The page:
“Maybe it’s not going to end up being apocalyptic, but certainly one thing that is very clear is that reefs are being wiped out at a massive rate – so, something is happening and it’s not just a futurology prediction.”
Margaret says the project is predominantly a means of addressing environmental issues, but is also an exploration of mathematics. Hyperbolic geometry, an intimidating term, is often cited by the twins. It is a field of geometry that accounts for complex shapes, such as the way lettuce curls around the edges, just as corals do. Although, as Margaret says, “sea creatures have been making hyperbolic structures for 500 million years”, it was only in 1997 that Cornell University mathematician Daina Taimina first created a physical model of hyperbolic geometry using crochet.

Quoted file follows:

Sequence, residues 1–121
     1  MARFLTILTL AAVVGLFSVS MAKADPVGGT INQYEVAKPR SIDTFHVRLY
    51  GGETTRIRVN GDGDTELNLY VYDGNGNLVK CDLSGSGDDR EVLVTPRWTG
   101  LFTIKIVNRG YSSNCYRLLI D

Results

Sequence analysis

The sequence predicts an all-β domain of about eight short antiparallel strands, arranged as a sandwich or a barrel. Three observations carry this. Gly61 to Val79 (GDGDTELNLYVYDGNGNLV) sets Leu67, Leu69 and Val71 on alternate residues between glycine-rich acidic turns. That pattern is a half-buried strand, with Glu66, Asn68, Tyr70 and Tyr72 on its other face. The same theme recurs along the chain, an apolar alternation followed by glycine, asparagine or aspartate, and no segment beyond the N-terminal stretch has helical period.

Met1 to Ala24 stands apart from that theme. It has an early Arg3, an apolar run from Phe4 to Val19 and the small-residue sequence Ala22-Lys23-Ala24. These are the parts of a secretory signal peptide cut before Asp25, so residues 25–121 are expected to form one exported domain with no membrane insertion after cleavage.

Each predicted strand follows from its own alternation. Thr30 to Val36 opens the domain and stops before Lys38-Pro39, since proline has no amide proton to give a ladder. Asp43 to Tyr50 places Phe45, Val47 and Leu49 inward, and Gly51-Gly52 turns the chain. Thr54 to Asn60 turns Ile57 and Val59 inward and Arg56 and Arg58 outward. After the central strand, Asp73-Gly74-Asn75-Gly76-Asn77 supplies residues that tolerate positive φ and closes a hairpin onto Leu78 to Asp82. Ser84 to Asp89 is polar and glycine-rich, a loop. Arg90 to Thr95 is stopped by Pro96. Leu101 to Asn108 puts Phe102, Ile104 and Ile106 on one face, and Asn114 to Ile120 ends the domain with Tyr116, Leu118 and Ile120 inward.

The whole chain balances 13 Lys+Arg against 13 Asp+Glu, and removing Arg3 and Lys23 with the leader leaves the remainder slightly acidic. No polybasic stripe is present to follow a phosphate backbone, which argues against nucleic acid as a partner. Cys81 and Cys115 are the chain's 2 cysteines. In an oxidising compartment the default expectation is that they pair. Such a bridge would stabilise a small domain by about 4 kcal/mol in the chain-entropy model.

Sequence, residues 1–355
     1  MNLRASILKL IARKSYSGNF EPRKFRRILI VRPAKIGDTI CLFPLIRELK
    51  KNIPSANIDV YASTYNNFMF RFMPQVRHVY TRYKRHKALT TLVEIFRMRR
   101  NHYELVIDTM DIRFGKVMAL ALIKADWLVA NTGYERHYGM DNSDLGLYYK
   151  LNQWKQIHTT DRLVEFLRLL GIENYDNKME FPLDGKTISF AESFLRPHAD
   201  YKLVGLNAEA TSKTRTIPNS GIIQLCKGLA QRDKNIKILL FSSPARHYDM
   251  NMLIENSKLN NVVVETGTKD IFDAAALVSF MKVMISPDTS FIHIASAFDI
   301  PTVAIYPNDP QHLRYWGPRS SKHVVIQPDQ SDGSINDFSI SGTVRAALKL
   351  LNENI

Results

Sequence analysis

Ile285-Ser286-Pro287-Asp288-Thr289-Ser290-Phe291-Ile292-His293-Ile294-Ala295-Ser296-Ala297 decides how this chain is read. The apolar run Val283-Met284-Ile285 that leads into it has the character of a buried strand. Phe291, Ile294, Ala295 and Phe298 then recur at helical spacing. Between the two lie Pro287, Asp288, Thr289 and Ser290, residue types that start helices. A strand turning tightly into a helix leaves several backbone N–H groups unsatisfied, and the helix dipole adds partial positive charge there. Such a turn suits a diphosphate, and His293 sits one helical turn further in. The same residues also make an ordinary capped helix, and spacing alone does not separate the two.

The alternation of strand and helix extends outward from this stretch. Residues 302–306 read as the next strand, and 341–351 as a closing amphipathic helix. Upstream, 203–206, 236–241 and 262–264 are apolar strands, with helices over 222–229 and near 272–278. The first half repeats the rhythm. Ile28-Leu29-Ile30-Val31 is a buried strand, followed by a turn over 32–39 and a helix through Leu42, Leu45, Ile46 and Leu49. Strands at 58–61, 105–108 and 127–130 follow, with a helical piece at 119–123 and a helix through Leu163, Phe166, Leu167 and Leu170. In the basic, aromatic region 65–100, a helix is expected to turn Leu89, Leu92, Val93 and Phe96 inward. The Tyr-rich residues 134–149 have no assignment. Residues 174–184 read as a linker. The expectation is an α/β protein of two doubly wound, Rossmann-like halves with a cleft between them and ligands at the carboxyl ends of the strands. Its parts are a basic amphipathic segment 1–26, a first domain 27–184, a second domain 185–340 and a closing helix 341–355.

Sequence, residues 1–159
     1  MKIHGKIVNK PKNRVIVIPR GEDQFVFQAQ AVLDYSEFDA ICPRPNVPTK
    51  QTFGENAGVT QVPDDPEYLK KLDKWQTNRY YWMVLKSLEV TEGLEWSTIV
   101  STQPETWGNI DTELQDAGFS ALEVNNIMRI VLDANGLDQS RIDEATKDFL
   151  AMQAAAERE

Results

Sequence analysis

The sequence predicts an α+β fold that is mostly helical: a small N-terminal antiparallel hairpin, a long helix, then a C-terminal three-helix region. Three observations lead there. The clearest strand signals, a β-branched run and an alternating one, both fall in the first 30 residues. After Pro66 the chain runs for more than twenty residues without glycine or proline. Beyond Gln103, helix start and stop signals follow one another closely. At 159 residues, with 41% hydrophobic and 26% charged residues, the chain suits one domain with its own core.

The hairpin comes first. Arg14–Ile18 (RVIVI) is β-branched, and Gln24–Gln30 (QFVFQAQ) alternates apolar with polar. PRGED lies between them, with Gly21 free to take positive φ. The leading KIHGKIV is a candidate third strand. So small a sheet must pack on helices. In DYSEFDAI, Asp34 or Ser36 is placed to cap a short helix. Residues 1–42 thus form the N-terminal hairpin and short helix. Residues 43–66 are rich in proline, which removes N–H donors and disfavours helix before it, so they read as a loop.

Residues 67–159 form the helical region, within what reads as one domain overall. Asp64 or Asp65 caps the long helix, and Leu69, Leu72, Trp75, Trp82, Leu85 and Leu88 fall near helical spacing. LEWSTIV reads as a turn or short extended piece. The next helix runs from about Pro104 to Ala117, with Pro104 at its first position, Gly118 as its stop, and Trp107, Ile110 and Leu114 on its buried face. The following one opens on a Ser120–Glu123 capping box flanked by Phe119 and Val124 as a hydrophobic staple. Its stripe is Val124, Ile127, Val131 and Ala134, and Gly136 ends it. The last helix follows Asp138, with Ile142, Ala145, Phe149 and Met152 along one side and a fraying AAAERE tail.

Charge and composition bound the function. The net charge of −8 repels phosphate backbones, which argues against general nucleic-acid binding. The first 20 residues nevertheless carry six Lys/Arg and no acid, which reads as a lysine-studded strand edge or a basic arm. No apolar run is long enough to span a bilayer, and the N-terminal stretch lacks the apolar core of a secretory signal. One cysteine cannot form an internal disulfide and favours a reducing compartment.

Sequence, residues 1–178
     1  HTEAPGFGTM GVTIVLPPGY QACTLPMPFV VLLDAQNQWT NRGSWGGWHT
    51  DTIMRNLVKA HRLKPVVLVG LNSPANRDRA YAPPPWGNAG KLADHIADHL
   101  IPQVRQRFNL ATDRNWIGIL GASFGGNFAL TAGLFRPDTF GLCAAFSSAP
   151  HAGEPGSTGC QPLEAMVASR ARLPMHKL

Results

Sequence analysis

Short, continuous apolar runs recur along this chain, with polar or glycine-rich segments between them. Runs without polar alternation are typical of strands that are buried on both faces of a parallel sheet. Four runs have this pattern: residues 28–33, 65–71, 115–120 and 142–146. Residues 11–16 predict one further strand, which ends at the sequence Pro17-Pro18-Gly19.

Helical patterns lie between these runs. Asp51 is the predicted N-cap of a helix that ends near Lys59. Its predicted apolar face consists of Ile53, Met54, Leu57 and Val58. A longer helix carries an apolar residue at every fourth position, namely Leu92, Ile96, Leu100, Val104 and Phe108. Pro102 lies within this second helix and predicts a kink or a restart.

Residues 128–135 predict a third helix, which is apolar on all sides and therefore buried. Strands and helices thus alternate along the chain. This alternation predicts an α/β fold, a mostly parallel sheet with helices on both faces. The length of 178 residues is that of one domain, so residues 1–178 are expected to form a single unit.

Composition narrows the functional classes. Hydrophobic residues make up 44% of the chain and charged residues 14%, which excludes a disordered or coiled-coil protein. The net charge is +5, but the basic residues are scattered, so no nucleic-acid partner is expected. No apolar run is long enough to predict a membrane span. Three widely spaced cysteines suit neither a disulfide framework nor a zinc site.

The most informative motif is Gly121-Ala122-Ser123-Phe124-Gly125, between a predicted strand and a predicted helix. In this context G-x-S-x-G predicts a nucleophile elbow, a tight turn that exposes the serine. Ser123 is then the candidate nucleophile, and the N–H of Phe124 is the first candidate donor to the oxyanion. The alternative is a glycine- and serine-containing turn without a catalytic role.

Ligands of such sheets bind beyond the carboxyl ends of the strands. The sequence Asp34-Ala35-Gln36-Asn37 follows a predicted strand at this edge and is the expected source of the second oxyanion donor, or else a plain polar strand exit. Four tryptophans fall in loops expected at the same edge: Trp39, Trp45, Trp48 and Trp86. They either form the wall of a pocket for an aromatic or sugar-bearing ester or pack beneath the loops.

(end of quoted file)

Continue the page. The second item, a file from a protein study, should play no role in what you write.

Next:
“And it’s a very interesting thing that all of these sea creatures, in some sense, know mathematics in the architecture of their being. Our project is, in some ways, a continuing experiment in evolution – everybody starts with the very simple instructions for crocheting … and then you just start playing.
“As time goes on you get more and more complex structures evolving, which is exactly what happened in evolution.” This sense of evolution, she says, eventually results in some contributors branching out from hyperbolics completely. “And they do things like sea turtles,” she says, pointing out a crocheted sea turtle perched on top one of the reefs, “which are not hyperbolic at all”, she laughs.
Intriguingly, the maths behind the hyperbolic shapes is perhaps best explained in the artistic context of how the coral crochets are made.
Crocheting is a technique where a single hook is used to craft objects one stitch at a time, as opposed to knitting, where two needles are used, Christine says.
“You crochet a single line of stitches, then it’s like a chain. Then, you go back and you do the next line, so there is a single line but the reason it’s curly is because you put three or four stitches into the next line, which forces it to curl.”